[Cryonics] This is so incredibly interesting.

TechGod

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Along with methods to reverse the effects of Alzheimer's‎, dementia, and the other degenerative neurological diseases.

Being rebooted as a potato doesn't sound like an enjoyable life...
The do seem to say that once the damage is repaired only then will the revive the person.

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Hopefully, they can get the revival part worked out.
Expected to be sorted out by 2040.

That aside, imagine the social problems. Waking up in a new day and age with more advanced tech etc..
 

decafjava

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The do seem to say that once the damage is repaired only then will the revive the person.

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Expected to be sorted out by 2040.

That aside, imagine the social problems. Waking up in a new day and age with more advanced tech etc..
Yea like time travel - jumping forward (only way we can).
 

SandboxGeneral

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Always an interesting theory, but I don't think it will ever work. To the best of my knowledge, once a person is dead (and not necessarily the legal definition), they're dead.
 

Roller

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Expected to be sorted out by 2040.

That aside, imagine the social problems. Waking up in a new day and age with more advanced tech etc..
Imagine the challenge of having to learn how to use iOS 34. :)

As for the practicality of cryopreservation, aside from the technical challenges of revival and reversal of whatever condition led to one's being frozen in the first place, there's the issue of stability. Not only does the storage facility have to remain intact and functional despite natural disasters, wars, and other disruptions, but the company that provides the service has to stay, well, viable.
 

TechGod

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Imagine the challenge of having to learn how to use iOS 34. :)

As for the practicality of cryopreservation, aside from the technical challenges of revival and reversal of whatever condition led to one's being frozen in the first place, there's the issue of stability. Not only does the storage facility have to remain intact and functional despite natural disasters, wars, and other disruptions, but the company that provides the service has to stay, well, viable.
Haven't a few shut done due to economic reasons?
 

APlotdevice

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Hopefully, they can get the revival part worked out.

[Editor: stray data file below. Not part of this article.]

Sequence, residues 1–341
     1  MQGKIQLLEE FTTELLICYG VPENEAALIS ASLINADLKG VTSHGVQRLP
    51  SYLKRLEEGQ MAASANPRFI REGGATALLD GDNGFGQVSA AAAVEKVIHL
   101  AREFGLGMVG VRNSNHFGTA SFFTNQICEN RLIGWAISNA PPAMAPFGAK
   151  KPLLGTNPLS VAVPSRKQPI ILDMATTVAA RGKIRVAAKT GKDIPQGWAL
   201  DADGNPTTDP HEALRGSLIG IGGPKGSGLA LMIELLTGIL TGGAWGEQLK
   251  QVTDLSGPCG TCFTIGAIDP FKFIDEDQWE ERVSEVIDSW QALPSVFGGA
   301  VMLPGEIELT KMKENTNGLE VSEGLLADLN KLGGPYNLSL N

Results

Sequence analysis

I doubt we could revive any currently frozen body. The problem is when you freeze water, it tends to form very sharp crystalline structures that puncture cell membranes. The trick to making cryonics viable is to find a way to prevent such crystallization.
 
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SandboxGeneral

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I doubt we could revive any currently frozen body. The problem is when you freeze water, it tends to form very sharp crystalline structures that puncture cell membranes. The trick to making cryonics viable is to find a way to prevent such crystallization.
Not only that, but how do we reawaken, for a lack of a better term, our consciousness, our being, the thing that makes us, well, us?
 

APlotdevice

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Not only that, but how do we reawaken, for a lack of a better term, our consciousness, our being, the thing that makes us, well, us?
Well the whole basis of cryonics is that everything that makes us what we are is simply the arrangement of our neurons.
 

SandboxGeneral

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Well the whole basis of cryonics is that everything that makes us what we are is simply the arrangement of our neurons.
Coincidentally I just read this somewhat related article on io9.com

Scientists Accidentally Discover The Brain's Consciousness "Off Switch"

http://io9.com/scientists-accidentally-discover-the-brains-consciousne-1600230950

While performing deep brain surgery on a woman with epilepsy, neuroscientists from George Washington University stimulated an area of her brain that unexpectedly — and temporarily — caused her to lose awareness. It's a discovery that could shed light on the very nature of consciousness itself.

"We describe a region in the human brain where electrical stimulation reproducibly disrupted consciousness," write the scientists in their study. It's an important finding as the "neural mechanisms that underlie consciousness are not fully understood." No doubt, consciousness is still a profound mystery, so much so that we don't know how it arises — or how it switches off

Mohamad Koubeissi and his team were using deep brain electrodes to record signals from different brain regions to figure out where the woman's seizures were coming from. They placed one electrode near a part of the deep brain called the claustrum, an area that had never been stimulated before.

The claustrum is a thin and weirdly shaped sheet of neurons that's attached to the underside of the neocortex right smack-dab in the center of the brain. Though the precise role of the claustrum is not known, it's suspected to play a role in communication between the two hemispheres of the brain, specifically those regions that control attention. It works like a conductor in an orchestra, coordinating the cerebral cortex. But instead of synchronizing musicians, it synchronizes the timescale between various brain parts, resulting in the seamless quality of conscious experience.

Helen Thomson from New Scientist reports: